They dismissed as a mere waste of time the Farmer Field and Life School supported by Addax to compliment the FDP, noting that farmers are subjected to 30 weeks of one-day training and upon graduation given no start-up kits or relevant backup to enable them put into practice their new skills in generating greater yields as the training demands.
They expressed dissatisfaction over the lease amount being paid for their land, pointing out that rather than bringing about prosperity for land owners, it is dividing families.
They are also aggrieved over the one-off payment for their economic crops such as mango, orange and coconut trees, and feel cheated because they say the company did not negotiate with them on issues of cost.
Lack of an effective grievance mechanism is also one of the things bothering the people. The only grievance mechanism currently in place is administered and controlled by Addax. The question posed by the people is, “How can you report a serious matter to the very person that offended you and expect to be taken seriously?”
The people are very angry that their Member of Parliament Honourable Martin Bangura who introduced the company to them and His Excellency President Dr. Ernest Bai Koroma who did the formal launching of the operations of the company, have abandoned them to their fate.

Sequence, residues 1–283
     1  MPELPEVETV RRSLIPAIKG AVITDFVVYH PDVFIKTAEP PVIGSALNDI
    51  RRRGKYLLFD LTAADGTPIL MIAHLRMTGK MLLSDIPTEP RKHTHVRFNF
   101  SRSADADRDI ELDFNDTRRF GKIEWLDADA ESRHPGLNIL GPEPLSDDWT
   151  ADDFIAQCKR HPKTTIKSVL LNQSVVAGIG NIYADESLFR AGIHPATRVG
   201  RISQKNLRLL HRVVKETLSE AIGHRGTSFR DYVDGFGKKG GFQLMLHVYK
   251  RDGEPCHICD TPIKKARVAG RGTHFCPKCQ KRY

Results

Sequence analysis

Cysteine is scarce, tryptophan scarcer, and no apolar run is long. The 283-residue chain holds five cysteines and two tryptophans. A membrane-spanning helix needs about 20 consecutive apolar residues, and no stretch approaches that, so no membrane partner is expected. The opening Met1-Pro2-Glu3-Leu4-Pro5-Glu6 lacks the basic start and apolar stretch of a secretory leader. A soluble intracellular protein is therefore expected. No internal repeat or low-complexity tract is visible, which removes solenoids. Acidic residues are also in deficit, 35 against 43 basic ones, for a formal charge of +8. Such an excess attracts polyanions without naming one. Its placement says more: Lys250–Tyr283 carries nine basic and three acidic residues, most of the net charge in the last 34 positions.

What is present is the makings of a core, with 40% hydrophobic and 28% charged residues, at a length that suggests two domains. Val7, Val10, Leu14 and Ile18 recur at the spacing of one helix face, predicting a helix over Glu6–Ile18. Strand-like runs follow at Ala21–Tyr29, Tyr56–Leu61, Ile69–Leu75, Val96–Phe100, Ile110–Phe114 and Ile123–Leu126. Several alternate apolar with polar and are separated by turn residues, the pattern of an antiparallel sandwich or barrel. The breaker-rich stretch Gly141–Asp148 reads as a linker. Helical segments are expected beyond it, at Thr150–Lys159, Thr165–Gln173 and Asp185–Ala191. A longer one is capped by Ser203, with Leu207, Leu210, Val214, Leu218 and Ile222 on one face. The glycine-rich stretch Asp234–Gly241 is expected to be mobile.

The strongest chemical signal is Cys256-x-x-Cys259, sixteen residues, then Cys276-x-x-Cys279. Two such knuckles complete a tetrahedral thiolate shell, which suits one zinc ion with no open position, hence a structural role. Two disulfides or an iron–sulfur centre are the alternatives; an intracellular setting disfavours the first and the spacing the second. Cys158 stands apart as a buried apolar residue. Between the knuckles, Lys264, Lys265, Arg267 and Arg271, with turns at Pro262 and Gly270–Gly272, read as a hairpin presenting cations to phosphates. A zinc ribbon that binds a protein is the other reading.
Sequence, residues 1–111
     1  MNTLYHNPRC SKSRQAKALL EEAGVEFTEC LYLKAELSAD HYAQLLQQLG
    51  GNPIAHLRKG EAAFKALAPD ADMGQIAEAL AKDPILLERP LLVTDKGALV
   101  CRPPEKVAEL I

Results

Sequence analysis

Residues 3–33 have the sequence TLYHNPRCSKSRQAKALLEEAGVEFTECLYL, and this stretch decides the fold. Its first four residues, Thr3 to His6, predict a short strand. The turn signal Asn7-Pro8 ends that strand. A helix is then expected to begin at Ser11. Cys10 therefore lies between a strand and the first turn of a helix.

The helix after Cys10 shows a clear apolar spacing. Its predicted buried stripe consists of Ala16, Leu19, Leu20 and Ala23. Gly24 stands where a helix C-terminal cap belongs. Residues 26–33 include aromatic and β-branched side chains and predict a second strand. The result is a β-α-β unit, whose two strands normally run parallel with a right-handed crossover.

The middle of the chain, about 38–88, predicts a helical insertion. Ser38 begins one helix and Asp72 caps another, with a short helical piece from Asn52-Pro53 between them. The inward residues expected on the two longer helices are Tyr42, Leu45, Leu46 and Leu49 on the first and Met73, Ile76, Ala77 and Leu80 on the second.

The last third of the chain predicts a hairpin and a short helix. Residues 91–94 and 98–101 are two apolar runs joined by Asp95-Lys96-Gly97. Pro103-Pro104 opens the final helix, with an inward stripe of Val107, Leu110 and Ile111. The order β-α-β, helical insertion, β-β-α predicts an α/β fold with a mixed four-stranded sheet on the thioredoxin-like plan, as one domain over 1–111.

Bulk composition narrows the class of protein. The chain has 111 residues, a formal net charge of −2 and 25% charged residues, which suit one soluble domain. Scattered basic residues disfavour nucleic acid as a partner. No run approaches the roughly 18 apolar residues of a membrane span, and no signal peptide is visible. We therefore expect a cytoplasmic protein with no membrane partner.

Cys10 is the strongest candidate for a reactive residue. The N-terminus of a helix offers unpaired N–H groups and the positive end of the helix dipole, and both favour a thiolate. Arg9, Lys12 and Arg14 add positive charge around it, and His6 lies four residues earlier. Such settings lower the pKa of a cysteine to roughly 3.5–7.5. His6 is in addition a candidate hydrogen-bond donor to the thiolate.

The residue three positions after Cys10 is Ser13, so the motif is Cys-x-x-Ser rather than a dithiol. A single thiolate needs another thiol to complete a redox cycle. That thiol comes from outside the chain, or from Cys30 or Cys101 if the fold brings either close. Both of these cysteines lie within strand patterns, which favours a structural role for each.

According to the Worreh Yeama Town Headman, Pa Alie Koroma, he had the shock of his life when three months ago he had to opportunity of engaging the Hon. Martin Bangura on the problems confronting them. He said the response the parliamentarian gave him was that the company is no longer listening to him as before and that he too is unhappy with the company but has nothing to do since it is the president’s interest. Because of this, Chief Pa Alie Koroma who actually gave orders to his subjects to remove the aforementioned pegs, said they have lost confidence in the government insofar as the protection of their rights is concerned. “We are now taking the bull by the horn and we shall resist all attempts by the company to take over our boli”, he said in a rather determined tone.